Ikasha, or “Shining Raven Woman,” is pictured here at David Seven Deers’ outdoor studio Tuesday, Nov. 10. Her name means “place of beautiful water” in Halkomeelem. Photo: Laurie Tritschler

Ikasha, or “Shining Raven Woman,” is pictured here at David Seven Deers’ outdoor studio Tuesday, Nov. 10. Her name means “place of beautiful water” in Halkomeelem. Photo: Laurie Tritschler

City council helps with new home for Grand Forks’ Ikasha

Charitable donations would help fund a new home for the sculpture

Grand Forks residents can now donate to an earthen dome to house sculptor David Seven Deers’ Ikasha, or “Shining Raven Woman,” at the confluence of the Kettle and Granby rivers.

City council voted Monday, Nov. 9 to accept charitable donations on behalf of the project and provide donors tax-deductible receipts. Council approved a second motion to help Seven Deers and the Friends of Shining Raven Woman committee’s (FSRW) application for a provincial grant towards Ikasha’s intended home.

READ MORE: Shining Raven Woman to be housed at Grand Forks’ confluence

The earthen dome would probably fall outside Grand Forks’ re-aligned dike network, according to preliminary designs seen by capital project manager Justin Dinsdale. Dinsdale, who oversees flood works under the auspices of the Disaster Mitigation and Adaptation Fund, clarified that the rivers’ confluence occurs on a natural flood plain.

The proposed location for Ikasha’s home reflects the preferences of Seven Deers and the FSRW, Dinsdale said. The dome’s foundation will be built high enough to protect Ikahsa from rising flood waters, a spokes person from FSRW told The Gazette.

Seven Deers, who hails from the Sto:lo First Nation, gave a standing address to council at Monday’s committee of the whole meeting at chambers. Offering a timeless prayer in his native Halkomelem, the language of the Coast Salish peoples, Seven Deers asked council to, “help me, help us.”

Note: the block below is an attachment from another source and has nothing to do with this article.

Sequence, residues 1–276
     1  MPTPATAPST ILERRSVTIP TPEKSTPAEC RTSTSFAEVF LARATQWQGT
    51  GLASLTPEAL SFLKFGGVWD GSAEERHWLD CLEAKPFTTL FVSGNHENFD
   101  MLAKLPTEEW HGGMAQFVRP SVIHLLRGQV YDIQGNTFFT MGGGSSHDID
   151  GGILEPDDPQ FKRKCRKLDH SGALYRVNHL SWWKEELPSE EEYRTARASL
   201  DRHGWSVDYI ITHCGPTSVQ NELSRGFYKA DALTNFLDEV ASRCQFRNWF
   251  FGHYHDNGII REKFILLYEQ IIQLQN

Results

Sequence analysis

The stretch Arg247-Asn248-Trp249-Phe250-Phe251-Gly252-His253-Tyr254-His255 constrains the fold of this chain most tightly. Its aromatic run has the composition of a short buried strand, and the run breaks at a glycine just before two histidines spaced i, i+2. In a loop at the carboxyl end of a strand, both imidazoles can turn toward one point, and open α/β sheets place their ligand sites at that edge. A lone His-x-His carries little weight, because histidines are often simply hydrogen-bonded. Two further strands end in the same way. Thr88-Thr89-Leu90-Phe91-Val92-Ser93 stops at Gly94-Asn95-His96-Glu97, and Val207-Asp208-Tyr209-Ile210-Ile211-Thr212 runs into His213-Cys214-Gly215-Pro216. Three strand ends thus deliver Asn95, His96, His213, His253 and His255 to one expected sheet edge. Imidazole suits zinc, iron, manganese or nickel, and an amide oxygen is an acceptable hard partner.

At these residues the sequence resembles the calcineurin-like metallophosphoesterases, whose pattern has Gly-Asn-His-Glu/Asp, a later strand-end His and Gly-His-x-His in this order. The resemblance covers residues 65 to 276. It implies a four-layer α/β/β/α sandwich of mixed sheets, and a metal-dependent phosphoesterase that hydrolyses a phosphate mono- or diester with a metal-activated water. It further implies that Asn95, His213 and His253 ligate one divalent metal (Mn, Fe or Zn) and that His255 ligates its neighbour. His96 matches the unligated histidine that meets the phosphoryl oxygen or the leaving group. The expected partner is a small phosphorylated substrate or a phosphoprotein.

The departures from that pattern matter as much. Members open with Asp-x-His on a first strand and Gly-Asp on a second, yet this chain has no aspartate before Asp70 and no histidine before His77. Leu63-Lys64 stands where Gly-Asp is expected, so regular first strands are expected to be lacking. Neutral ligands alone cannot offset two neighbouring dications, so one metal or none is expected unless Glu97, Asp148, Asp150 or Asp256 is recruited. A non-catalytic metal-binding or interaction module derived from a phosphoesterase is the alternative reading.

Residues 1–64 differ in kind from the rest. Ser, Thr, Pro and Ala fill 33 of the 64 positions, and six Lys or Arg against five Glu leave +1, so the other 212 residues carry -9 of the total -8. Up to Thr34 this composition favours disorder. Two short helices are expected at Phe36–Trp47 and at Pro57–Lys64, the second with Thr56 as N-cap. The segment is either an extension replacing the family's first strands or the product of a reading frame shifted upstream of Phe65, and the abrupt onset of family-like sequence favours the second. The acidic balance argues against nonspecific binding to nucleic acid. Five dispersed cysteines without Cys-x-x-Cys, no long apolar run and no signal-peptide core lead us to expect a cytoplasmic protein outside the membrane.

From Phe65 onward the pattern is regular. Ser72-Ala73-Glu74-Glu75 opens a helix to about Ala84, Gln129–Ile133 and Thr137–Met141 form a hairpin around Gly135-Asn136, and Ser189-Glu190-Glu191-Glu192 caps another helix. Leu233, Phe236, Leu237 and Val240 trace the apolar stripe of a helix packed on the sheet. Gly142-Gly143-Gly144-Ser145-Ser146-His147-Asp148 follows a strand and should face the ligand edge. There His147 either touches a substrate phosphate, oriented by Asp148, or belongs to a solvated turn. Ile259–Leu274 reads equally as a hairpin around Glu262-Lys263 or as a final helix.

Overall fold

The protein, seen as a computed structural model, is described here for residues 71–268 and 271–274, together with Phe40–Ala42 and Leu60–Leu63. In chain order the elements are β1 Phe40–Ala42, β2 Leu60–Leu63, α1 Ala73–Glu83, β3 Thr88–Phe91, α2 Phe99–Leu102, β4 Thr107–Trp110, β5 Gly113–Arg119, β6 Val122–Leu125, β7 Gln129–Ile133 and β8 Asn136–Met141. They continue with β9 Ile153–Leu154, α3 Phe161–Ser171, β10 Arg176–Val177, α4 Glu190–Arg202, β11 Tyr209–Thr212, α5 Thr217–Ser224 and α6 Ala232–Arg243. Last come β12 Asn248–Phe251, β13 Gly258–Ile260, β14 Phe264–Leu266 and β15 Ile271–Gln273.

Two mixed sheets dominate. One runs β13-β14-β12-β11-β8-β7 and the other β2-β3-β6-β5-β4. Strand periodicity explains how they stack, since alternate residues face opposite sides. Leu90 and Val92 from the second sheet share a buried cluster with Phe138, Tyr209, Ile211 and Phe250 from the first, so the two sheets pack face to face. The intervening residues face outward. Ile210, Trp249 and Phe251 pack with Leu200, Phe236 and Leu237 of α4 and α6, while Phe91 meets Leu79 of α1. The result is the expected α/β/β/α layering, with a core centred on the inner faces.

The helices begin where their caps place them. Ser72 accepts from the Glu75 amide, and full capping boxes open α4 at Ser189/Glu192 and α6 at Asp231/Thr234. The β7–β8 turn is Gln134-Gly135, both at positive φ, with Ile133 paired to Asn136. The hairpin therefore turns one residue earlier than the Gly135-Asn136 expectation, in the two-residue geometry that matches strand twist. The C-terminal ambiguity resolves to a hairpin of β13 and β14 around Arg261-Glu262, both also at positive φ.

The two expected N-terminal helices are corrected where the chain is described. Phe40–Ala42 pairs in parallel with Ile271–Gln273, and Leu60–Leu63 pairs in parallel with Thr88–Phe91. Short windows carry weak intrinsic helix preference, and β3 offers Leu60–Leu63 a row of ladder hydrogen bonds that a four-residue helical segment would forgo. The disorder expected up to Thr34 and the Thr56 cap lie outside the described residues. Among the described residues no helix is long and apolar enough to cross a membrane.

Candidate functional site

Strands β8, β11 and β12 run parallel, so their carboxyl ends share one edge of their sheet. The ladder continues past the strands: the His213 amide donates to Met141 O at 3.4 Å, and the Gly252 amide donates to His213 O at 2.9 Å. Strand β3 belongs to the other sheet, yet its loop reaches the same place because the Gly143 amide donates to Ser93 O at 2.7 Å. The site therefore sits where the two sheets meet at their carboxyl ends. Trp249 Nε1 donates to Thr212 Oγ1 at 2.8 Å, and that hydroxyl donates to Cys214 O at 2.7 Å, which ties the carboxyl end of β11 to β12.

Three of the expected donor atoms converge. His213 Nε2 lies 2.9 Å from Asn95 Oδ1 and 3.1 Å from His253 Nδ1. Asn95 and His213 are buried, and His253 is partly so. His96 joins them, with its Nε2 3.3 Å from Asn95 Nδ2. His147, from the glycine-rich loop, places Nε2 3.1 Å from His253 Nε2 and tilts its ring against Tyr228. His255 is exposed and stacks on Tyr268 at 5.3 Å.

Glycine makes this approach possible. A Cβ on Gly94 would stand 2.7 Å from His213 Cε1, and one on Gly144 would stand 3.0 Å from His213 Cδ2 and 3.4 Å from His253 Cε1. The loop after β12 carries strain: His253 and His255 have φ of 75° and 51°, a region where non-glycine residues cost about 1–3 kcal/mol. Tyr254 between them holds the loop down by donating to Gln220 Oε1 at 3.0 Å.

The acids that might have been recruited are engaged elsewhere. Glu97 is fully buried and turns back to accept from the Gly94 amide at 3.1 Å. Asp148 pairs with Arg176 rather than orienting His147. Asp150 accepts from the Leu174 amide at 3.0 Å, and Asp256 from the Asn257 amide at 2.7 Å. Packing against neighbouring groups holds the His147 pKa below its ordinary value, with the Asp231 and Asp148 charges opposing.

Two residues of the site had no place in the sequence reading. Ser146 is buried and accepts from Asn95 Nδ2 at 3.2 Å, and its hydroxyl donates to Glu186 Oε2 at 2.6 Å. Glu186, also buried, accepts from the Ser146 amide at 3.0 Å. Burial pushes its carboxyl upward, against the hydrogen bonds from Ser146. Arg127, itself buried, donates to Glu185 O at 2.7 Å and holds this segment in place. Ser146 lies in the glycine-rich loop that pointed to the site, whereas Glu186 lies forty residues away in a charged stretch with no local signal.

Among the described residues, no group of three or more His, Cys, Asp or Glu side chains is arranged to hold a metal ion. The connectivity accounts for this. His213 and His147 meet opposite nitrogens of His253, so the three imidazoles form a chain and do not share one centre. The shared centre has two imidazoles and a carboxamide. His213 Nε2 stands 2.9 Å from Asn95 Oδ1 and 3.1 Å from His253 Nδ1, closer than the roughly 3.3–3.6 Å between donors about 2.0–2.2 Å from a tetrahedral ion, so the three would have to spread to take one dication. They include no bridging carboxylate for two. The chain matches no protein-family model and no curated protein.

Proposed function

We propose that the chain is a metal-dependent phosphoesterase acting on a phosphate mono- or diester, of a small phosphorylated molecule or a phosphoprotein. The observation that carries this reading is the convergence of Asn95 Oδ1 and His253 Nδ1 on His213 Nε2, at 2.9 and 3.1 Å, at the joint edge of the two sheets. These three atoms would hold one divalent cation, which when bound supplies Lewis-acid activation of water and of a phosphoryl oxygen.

Grand Forks sculptor David Seven Deers points to a screen projection of Ikasha’s intended home at city council chambers Monday, Nov. 9. Photo: Laurie Tritschler

Grand Forks sculptor David Seven Deers points to a screen projection of Ikasha’s intended home at city council chambers Monday, Nov. 9. Photo: Laurie Tritschler

The whole point, he said, was to “bring beauty to our little town.” Ikasha’s traditional display would attract tourists and generally beautify the city, he explained.

Seven Deers said he would appreciate it if Grand Forks residents chose to donate, but that we would have refused to put city tax dollars toward the project. By helping donors, council’s involvement would lend her home “a certain point of legitimacy,” he said.

“This way, it’s not just David ‘the First Nations guy’ doing it on his own. We’re doing it together.”

The motions by Councillor Christine Thompson and seconded by Councillor Cathy Korolek passed unanimously.

Grand Forks officials have suggested that interested contributors bring their donations to city hall.


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